Thursday, April 21, 2022

Things Fall Apart by Chinua Achebe

Things Fall Apart
by Chinua Achebe
212 pages
Read by Peter Francis James
Published 1958

Publisher's Summary: 
Okonkwo is born into poverty, with a wastrel for a father. Driven by ambition, he works tirelessly to gain the prosperity of many fields and wives and prestige in his village. But he is harsh as well as diligent. As he sees the traditions of his people eroded by white missionaries and government officials, he lashes out in anger. Things Fall Apart traces the growing friction between village leaders and Europeans determined to save the heathen souls of Africa. But its hero, a noble man who is driven by destructive forces, speaks a universal tongue.

My Thoughts: 
I'll be honest, I know this one is considered a classic (I know because it's on my Classics Club list) but I really struggled with understanding why for most of the book. Perhaps that has something to do with how I read it; this one turned out to be a listen/read/listen one for me when my audiobook loan expired and then I chose to check it out again. Perhaps it's because I read it through the prism of my own moral expectations, judging Okonkwo by standards that wouldn't have applied to him. As time has passed, as the lessons of the book have sunk in, I'm finding a greater appreciation for the book, especially in light of the era in which it was written. Still, because of all of this, I'm struggling with putting my thoughts into words. Instead, let me give you this from Kirkus Reviews (and if you've been here long, you know how rare it is for me to even agree with Kirkus Reviews, let alone defer to them so that will tell you something about how much I love this review):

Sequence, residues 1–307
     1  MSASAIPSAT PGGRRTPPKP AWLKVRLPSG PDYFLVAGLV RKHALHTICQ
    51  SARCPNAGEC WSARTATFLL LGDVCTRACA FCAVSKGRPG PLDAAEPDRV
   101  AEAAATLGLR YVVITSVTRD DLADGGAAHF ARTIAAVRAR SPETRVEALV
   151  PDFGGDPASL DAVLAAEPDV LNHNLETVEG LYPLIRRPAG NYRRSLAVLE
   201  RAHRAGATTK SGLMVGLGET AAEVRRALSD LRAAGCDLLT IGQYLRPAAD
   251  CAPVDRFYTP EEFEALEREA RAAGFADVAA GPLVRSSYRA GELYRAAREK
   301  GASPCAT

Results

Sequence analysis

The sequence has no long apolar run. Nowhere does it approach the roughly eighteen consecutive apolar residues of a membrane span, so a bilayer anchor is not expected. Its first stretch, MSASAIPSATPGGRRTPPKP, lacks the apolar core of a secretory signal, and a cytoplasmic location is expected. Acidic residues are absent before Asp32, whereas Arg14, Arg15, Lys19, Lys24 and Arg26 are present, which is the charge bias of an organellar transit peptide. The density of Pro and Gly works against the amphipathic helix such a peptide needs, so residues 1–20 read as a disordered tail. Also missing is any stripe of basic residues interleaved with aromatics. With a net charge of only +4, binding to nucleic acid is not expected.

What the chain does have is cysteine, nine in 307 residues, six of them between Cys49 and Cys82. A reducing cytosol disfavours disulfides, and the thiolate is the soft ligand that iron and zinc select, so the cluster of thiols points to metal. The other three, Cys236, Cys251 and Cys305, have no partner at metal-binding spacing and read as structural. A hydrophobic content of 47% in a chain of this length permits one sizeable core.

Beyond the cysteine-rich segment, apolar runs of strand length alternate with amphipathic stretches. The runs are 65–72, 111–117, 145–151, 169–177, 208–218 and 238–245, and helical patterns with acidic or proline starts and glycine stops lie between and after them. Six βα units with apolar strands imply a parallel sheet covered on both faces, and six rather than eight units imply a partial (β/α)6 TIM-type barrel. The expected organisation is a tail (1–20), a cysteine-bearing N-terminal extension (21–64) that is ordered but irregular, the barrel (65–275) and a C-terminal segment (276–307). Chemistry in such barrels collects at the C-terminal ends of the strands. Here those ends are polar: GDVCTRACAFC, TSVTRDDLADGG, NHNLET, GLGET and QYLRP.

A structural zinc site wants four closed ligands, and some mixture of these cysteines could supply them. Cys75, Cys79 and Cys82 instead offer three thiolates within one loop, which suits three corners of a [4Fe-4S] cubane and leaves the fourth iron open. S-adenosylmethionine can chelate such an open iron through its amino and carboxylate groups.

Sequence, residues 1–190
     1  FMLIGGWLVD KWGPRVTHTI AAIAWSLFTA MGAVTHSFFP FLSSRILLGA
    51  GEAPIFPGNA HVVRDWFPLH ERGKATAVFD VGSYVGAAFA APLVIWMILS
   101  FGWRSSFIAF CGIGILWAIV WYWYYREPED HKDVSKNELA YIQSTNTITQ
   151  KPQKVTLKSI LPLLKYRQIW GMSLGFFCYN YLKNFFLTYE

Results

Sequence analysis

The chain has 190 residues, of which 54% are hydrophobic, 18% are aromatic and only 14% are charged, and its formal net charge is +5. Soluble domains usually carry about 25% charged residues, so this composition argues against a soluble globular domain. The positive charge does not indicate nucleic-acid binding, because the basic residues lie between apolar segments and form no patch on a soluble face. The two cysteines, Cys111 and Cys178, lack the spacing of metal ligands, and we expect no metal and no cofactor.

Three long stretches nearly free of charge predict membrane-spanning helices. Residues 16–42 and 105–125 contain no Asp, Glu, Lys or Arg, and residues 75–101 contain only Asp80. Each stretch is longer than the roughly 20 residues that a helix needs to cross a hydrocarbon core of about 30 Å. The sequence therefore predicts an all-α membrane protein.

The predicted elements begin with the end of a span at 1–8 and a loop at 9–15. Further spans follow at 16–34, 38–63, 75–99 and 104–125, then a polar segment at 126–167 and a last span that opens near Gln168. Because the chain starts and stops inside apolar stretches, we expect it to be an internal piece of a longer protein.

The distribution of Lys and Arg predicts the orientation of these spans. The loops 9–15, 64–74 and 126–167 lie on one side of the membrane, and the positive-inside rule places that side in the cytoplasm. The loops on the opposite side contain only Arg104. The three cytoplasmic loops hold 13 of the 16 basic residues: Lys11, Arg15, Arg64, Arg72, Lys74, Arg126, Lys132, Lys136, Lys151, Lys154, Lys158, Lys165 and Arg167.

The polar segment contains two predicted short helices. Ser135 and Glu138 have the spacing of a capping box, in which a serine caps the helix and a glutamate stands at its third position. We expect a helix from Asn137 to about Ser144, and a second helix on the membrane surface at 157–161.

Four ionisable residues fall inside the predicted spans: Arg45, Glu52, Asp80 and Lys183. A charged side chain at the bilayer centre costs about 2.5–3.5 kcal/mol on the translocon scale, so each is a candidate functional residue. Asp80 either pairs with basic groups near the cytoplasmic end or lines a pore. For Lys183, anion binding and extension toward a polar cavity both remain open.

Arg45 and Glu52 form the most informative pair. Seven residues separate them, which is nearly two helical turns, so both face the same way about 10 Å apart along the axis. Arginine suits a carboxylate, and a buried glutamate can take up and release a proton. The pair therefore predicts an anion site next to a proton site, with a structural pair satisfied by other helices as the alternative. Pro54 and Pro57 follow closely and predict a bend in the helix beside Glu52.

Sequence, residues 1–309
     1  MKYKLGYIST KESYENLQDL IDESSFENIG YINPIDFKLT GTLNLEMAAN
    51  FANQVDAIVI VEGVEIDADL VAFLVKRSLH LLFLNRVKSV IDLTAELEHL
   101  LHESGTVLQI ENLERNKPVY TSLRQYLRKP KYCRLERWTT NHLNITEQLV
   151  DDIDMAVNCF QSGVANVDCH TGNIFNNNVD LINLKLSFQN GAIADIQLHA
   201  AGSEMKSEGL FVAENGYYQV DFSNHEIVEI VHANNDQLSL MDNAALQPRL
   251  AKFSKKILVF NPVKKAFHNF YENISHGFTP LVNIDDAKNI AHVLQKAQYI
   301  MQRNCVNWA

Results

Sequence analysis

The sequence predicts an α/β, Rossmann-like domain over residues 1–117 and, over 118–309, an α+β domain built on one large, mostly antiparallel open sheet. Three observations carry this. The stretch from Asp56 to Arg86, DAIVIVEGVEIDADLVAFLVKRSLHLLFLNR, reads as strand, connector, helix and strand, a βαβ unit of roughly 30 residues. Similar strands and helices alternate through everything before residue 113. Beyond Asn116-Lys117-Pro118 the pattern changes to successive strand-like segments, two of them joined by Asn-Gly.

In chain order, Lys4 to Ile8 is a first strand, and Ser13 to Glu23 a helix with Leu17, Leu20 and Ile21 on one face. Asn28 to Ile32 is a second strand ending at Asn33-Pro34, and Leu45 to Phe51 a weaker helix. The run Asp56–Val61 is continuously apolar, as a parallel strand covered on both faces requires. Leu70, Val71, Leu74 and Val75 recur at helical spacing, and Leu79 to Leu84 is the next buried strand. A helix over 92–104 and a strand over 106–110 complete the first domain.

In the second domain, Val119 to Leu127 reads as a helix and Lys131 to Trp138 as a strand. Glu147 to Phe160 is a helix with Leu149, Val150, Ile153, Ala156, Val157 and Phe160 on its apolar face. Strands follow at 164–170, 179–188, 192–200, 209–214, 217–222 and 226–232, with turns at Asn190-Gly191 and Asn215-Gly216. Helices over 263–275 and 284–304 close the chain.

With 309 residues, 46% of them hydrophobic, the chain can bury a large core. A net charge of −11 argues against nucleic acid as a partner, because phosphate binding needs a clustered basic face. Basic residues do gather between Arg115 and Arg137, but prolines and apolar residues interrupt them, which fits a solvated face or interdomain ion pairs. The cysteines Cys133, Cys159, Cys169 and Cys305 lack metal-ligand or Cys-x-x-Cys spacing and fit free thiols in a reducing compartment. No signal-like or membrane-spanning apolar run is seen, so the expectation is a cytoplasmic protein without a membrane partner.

"Written with quiet dignity that builds to a climax of tragic force, this book about the dissolution of an African tribe, its traditions, and values, represents a welcome departure from the familiar "Me, white brother" genre.

Written by a Nigerian African trained in missionary schools, this novel tells quietly the story of a brave man, Okonkwo, whose life has absolute validity in terms of his culture, and who exercises his prerogative as a warrior, father, and husband with unflinching single mindedness. But into the complex Nigerian village filters the teachings of strangers, teachings so alien to the tribe, that resistance is impossible. One must distinguish a force to be able to oppose it, and to most, the talk of Christian salvation is no more than the babbling of incoherent children. Still, with his guns and persistence, the white man, amoeba-like, gradually absorbs the native culture and in despair, Okonkwo, unable to withstand the corrosion of what he, alone, understands to be the life force of his people, hangs himself. In the formlessness of the dying culture, it is the missionary who takes note of the event, reminding himself to give Okonkwo's gesture a line or two in his work, The Pacification of the Primitive Tribes of the Lower Niger.

This book sings with the terrible silence of dead civilizations in which once there was valor."
That last line - wow! It makes it so clear why this book is considered so important. I do highly recommend that you listen to this one if you choose to pick it up; instead of stumbling over names I can't figure out how to pronounce (if even in my own head), the book flows smoothly and the names no longer feel foreign. 

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